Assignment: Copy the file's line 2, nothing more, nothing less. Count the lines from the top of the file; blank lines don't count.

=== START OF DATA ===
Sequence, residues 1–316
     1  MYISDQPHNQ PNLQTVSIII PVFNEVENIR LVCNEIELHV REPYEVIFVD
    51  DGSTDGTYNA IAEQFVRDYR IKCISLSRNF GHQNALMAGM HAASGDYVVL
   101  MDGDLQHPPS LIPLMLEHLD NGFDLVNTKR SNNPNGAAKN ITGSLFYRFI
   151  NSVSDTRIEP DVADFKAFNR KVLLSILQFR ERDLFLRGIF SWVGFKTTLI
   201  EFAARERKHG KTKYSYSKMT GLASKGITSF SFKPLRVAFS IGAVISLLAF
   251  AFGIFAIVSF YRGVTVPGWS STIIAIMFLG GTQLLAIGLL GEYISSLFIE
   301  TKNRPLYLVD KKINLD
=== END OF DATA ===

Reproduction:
     1  MYISDQPHNQ PNLQTVSIII PVFNEVENIR LVCNEIELHV REPYEVIFVD